• By any objective standard, opening act Dream Theater's performance was mediocre at best, but compared to what came after them, they completely bit ass. Their stage setup was a joke, and they only played about five songs to boot, with their traditional lack of pizazz when it comes to their live shows. You're in a progressive metal band, you fucks! Put on a cape or something!
  • Thankfully, once Iron Maiden started the atmosphere positively detonated with excitement. After an opening involving a menacing classical music score, a video series of constellations and other outer space displays, and a whole ton of red mist that draped the front of the crowd, the band let loose with an exhilarating rendition of "The Wicker Man". It's also worth noting that the stage was built to look like the control deck of a spaceship, which is awesome.
  • Bruce Dickinson proceeded to talk up Iron Maiden's new album The Final Frontier a little bit before playing a track from it, "El Dorado", and went on a rant against the entire idea of MP3s: "Some people are saying that this song sounds like shit, and when you hear it on a CD, what you were supposed to hear from the studio, it sounds fucking amazing. But when you hear it on your little earbuds on a machine powered by a little fucking battery made by Steve fucking Jobs, yes, it's going to sound like shit. For the record, this is what it's supposed to fucking sound like!" And then they totally ripped it out, giving possibly the most energetic performance of the night.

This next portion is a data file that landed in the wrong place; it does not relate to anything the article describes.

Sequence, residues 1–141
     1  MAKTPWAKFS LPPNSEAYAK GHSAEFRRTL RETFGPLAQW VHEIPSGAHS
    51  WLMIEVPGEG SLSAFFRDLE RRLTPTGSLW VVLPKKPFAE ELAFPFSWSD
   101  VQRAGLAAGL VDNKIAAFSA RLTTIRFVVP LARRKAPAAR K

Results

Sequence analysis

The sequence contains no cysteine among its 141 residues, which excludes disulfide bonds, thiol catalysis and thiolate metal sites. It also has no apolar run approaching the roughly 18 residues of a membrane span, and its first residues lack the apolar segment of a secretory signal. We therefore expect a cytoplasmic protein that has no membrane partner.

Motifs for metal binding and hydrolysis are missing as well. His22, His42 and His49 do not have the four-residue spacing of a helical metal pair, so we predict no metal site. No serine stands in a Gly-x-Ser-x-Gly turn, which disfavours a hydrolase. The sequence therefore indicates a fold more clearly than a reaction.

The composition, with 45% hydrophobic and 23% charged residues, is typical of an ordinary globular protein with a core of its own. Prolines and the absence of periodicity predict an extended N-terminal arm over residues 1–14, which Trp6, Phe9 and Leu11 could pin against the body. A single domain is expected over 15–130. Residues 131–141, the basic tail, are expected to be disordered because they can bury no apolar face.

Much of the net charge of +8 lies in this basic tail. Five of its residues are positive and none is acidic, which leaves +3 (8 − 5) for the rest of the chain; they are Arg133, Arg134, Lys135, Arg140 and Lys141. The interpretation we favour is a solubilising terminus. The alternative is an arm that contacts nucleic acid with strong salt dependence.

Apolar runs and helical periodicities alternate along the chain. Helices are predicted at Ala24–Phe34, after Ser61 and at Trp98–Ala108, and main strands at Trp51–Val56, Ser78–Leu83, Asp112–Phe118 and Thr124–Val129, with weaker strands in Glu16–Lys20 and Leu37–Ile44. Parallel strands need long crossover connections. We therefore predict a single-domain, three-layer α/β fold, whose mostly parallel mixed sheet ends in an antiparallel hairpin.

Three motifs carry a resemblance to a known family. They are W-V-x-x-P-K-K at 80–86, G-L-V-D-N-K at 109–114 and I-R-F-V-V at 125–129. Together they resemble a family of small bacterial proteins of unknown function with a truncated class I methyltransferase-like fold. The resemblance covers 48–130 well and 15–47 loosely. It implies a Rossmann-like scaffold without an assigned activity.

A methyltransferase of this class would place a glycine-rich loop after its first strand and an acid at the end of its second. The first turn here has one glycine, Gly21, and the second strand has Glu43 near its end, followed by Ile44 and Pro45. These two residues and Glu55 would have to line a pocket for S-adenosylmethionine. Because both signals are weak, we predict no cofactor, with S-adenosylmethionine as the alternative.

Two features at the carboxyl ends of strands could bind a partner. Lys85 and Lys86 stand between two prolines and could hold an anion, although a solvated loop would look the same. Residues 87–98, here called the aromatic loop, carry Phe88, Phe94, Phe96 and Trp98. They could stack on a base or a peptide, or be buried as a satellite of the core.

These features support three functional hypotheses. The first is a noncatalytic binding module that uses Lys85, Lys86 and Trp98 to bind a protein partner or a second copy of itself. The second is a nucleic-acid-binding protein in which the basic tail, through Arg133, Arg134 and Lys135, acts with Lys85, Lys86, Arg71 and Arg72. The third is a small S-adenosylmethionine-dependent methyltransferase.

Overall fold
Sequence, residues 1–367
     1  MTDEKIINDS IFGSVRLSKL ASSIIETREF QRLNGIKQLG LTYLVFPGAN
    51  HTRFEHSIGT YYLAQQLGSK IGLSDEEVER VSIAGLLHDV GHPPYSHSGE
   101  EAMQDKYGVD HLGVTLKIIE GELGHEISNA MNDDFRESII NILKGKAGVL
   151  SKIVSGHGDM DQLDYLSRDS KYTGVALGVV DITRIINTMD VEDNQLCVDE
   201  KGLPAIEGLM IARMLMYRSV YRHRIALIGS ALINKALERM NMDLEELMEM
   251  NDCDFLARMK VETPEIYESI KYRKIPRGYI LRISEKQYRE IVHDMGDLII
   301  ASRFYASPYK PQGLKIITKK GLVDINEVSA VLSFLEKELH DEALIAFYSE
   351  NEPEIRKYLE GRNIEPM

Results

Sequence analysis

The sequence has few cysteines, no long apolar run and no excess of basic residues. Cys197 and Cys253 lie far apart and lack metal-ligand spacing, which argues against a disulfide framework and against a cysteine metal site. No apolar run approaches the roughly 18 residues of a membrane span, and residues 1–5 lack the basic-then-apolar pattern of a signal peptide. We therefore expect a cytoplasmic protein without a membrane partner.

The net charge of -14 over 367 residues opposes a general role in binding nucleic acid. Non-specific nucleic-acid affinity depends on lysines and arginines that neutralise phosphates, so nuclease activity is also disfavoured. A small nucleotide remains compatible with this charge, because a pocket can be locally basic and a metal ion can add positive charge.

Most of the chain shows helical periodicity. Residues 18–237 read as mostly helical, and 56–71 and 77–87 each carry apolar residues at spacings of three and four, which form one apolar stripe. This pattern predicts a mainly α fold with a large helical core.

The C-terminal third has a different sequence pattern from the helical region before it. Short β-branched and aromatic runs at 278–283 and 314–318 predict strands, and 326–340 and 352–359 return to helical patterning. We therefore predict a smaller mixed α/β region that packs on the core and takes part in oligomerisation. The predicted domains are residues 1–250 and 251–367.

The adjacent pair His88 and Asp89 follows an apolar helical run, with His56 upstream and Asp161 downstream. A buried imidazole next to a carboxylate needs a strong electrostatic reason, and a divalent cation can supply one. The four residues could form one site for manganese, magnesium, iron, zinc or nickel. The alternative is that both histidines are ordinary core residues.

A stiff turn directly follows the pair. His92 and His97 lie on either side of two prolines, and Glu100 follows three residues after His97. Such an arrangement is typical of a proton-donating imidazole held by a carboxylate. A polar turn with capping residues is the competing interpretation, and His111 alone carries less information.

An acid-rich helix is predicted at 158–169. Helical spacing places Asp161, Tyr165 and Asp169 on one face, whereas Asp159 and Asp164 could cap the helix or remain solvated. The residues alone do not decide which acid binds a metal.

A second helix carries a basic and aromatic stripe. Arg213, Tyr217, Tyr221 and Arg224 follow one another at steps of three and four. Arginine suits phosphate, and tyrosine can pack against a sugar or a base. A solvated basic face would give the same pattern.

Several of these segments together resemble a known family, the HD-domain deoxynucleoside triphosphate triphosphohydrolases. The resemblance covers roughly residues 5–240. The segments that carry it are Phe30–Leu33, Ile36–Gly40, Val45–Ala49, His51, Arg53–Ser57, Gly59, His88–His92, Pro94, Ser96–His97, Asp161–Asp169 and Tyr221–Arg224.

• A confession: I'm not terribly familiar with Iron Maiden's newer material. I mostly listen to their golden age albums-Number of the Beast through Seventh Son of a Seventh Son-so I was a little bit scared that, given that they would mostly be preforming songs off of their last three albums, I would be lost. This turned out to not be the case, as between the light show, Dickinson's impassioned vocals and Spiderman-esque leaps from end to end of the stage, Janick Gers' guitar showmanship and a stage background that changed with every single song, I found myself enraptured throughout the entire show, whether I knew the song or not. Thankfully, they did play a couple that I knew from their past few albums-"Dance of Death" and "The Reincarnation of Benjamin Breeg"-and those were by far two of the funnest songs of the evening.